U.S. Department of Agriculture: Animal and Plant Health Inspection Service


Date of this Version

March 2001


Published in Veterinary Parasitology 95 (2001) 327-334. www.elsevier.com/locate/vetpar.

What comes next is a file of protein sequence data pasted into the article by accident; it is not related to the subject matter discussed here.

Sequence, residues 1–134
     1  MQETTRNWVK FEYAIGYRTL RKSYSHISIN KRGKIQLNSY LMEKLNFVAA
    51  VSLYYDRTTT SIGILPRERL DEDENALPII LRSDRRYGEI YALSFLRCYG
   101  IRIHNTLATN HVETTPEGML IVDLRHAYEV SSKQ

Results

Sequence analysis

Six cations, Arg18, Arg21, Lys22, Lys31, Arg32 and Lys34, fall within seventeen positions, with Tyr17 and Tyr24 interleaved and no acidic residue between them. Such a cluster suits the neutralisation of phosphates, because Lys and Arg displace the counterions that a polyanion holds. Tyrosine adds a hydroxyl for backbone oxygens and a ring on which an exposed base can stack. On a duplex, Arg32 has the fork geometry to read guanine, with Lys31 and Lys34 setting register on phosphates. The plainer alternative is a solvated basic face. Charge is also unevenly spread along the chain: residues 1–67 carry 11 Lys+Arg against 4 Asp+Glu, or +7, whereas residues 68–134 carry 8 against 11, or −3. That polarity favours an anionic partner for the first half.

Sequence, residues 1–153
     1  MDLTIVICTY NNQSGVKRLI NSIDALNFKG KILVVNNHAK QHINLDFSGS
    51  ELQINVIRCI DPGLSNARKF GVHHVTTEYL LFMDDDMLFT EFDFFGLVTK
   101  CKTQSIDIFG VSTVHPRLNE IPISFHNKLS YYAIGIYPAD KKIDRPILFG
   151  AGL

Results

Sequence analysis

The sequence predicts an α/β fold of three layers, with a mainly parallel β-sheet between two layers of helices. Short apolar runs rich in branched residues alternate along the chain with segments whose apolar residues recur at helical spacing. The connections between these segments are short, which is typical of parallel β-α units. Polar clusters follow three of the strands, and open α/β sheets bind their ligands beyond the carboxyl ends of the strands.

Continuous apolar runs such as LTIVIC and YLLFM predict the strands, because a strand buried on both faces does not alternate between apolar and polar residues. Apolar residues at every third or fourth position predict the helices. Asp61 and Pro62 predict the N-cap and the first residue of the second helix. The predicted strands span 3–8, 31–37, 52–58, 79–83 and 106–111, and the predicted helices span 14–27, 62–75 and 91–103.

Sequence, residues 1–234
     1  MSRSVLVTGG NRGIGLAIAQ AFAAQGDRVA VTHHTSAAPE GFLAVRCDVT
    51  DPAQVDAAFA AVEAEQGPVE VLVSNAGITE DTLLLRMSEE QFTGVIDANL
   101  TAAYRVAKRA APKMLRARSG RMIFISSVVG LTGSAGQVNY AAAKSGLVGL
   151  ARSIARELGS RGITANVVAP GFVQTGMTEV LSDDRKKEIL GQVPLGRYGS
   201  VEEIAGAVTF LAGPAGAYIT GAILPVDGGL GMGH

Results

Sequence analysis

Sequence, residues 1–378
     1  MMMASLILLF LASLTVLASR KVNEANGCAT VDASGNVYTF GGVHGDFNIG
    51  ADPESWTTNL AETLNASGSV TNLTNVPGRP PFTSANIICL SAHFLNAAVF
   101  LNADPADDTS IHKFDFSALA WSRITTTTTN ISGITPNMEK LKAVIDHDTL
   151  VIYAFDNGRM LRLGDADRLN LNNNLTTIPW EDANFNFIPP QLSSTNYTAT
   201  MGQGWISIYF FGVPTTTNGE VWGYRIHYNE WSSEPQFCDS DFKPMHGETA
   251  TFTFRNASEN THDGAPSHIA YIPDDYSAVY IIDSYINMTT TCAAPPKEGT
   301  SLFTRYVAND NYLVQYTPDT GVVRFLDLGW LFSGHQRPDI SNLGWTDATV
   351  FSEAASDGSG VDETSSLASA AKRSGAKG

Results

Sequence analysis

Sporocysts of Sarcocystis falcatula obtained from experimentally infected Virginia opossums (Didelphis virginiana) were inoculated orally to 60 wild-caught Brown-headed Cowbirds (Molothrus ater). Another 30 Brown-headed Cowbirds were not challenged and served as uninfected controls. Two inoculated and one control cowbird were necropsied every 2 weeks and the pectoral and thigh muscles were examined grossly for cyst development. Stained histologic sections of pectoral muscle, thigh muscle, and lung were examined by light microscopy and presence, density, and size of sarcocysts were determined. Sarcocysts were present by 6 weeks post-inoculation (PI) and were still growing at 40 weeks PI. The sarcocysts from birds 40 weeks post-infection were infective to an opossum. The morphology of the sarcocyst wall by transmission electron microscopy substantiated the identification as S. falcatula. Lung sections were examined for the presence of schizonts, but were seen only at 2 weeks PI. This evaluation was complicated by the presence of unidentified microfilariae. These birds are migratory and the continued growth and development of muscle cysts would allow them to be a source of infection at both extremes of their geographic range, regardless of which end of the migration at which they were infected.